What Is Duty Evasion?

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What is an antidumping and/or countervaling duty order?

  • To obtain an antidumping (AD) or countervailing duty (CVD) order, a US industry files a Petition with the U.S. International Trade Commission ("ITC") and the U.S. Department of Commerce ("Commerce") requesting an AD/CVD investigation. AD cases investigate unfair pricing; CVD cases investigate improper subsidies.
  • AD/CVD cases are very complicated, time-intensive proceedings prosecuted in front of two separate government agencies over a 12-18 month period.
  • Commerce makes preliminary and final determinations if imported goods are sold in the U.S. at less than fair value ("dumped") and/or are subsidized by a foreign government. US trade laws provide a remedy if dumped and/or subsidized imports injure the US industry.
  • The ITC makes preliminary and final determinations if U.S. industry has been materially injured or is threatened with material injury by the dumped and/or subsidized imported goods.
    • Material injury is a high standard; the ITC examines:
      1. Volume of imports

        There must be large increases in absolute volume and/or market share. ITC looks at both volume and value.

      2. Price effects of imports

        The US industry must show underselling by imports, price decreases and/or inability to raise prices.

      3. Impact on US producers

        The US industry must have significant decreases in market share, production capacity, production, shipments, operating income, employment, capital expenditures and capacity utilization as well as demonstrating increases in importer market share and imports.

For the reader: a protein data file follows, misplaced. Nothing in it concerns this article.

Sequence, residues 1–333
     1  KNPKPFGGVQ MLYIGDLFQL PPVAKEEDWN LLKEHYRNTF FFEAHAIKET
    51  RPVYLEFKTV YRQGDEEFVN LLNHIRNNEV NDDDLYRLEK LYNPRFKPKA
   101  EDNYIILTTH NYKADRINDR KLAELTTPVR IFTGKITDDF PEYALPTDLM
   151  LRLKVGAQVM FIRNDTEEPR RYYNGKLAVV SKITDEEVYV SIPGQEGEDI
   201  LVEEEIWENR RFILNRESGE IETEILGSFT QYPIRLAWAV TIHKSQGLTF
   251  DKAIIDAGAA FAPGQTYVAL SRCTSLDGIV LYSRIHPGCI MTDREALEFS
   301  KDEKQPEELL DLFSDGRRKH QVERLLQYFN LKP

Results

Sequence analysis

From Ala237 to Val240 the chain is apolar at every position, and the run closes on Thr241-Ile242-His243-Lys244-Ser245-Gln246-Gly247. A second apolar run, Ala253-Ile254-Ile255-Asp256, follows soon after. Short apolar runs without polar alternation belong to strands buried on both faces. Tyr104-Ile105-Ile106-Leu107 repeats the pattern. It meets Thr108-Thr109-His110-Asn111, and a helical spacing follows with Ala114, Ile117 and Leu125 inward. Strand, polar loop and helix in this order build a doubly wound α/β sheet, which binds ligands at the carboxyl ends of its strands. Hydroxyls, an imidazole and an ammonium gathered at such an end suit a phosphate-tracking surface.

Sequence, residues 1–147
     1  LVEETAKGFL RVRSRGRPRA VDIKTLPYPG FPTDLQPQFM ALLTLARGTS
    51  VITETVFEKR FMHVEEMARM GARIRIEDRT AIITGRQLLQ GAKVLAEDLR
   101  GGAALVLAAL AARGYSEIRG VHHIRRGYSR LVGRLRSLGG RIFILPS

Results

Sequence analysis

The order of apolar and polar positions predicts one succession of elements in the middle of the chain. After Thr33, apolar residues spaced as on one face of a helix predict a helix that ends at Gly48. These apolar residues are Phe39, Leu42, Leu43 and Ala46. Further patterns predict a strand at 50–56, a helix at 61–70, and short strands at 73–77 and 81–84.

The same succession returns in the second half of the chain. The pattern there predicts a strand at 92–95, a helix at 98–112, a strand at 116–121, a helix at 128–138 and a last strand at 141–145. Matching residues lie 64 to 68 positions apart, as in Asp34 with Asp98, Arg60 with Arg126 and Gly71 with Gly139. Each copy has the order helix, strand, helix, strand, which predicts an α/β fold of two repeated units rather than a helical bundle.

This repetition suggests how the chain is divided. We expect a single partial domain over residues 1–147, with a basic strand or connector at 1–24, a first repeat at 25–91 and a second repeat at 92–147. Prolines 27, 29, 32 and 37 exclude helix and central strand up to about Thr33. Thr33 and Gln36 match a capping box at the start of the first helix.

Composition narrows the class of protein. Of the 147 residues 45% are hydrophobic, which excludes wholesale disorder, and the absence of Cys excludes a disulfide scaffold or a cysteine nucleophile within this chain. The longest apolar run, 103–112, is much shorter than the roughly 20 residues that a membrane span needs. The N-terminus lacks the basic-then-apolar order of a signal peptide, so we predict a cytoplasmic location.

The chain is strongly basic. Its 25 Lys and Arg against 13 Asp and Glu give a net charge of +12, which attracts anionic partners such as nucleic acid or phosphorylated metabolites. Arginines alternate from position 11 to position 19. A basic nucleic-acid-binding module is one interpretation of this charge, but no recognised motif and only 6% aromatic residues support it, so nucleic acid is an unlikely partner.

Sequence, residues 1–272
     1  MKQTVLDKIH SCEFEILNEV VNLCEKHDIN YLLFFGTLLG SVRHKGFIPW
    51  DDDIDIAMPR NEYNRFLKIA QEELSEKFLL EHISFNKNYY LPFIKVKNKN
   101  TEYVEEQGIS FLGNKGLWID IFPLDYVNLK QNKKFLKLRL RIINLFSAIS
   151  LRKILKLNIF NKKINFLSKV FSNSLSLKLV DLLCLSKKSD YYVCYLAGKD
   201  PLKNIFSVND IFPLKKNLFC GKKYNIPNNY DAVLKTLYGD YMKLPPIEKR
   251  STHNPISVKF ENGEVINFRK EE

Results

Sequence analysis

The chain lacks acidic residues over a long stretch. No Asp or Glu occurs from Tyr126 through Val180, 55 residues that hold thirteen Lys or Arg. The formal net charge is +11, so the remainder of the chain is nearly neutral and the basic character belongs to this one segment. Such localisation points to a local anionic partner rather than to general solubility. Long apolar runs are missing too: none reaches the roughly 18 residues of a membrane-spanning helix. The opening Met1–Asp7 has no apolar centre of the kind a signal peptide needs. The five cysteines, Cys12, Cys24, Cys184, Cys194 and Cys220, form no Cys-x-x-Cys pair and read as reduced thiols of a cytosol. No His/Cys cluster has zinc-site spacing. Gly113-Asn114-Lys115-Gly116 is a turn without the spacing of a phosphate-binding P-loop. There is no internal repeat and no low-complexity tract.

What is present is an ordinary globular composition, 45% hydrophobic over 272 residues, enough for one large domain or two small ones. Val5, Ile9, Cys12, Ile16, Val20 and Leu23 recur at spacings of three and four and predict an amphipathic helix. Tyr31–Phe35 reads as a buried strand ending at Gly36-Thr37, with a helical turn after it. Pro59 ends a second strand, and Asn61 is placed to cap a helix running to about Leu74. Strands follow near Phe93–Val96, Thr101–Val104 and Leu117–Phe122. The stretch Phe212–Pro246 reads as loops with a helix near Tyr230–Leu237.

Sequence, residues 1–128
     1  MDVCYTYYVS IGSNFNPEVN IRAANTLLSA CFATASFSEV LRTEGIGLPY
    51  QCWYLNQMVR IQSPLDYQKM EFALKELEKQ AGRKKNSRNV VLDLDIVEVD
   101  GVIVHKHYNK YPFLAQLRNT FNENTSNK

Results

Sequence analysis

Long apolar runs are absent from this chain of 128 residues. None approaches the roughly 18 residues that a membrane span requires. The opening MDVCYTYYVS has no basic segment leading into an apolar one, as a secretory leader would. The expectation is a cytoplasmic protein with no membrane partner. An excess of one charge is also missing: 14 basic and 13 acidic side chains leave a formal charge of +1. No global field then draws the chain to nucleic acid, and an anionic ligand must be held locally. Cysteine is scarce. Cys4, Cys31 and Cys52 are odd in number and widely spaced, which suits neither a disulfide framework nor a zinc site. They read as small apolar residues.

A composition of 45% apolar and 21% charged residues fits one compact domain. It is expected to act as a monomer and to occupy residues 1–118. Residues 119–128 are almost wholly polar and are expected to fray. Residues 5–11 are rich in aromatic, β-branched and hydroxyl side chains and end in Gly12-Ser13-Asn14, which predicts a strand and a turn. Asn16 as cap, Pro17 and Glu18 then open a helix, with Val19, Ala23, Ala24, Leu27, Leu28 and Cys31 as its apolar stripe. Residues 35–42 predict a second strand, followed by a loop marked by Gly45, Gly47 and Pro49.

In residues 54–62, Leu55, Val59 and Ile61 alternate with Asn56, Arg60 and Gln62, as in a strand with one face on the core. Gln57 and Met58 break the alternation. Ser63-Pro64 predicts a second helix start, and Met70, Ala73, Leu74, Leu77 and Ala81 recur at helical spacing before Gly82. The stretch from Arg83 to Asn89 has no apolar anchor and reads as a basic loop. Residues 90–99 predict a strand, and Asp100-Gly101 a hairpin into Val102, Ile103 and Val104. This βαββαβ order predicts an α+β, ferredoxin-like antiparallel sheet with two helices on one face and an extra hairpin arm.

• AD and CVD Orders are issued by the DOC after (i) the DOC has found that the products in question were being dumped and/or subsidized and (ii) the ITC has found that the US industry has suffered material injury (or is threatened with material injury) by reason of the dumped or subsidized imports.

What is duty evasion?

Transshipment is an illegal tactic used by manufacturers and exporters of goods subject to an AD or CVD order to evade the duties they have been ordered to pay by the US Government. Transshipment involves an importer falsely declaring the country of origin of the goods and failing to identify the goods as covered by an AD/CVD order. It may also involve using false shipping documents that identify a good as originating in a country other than the point of origin. For example, an importer may claim that merchandise is made in Malaysia and not subject to an Order – when in fact it was made in China and merely shipped through Malaysia for the sole purpose of evading the U.S. duties. Consistent with this, the importer will not identify the AD/CVD order that covers the goods on the entry documents presented to U.S. Customs and Border Protection. Each of these actions gives rise to a separate violation than may be penalized.

Misclassification is sending goods subject to an AD or CVD Order into the US under incorrect import classification codes or using inaccurate descriptions that wrongly identify the imports as goods that are not subject to the AD/CVD Order. This tactic is used frequently to evade antidumping and countervailing duties. Two examples of this are (1) shipping uncovered innerspring units subject to an AD Order into the US under the "mattress supports" classification code and (2) shipping shrimp subject to an AD Order into the US under the description "dusted shrimp," which is exempt from the Order.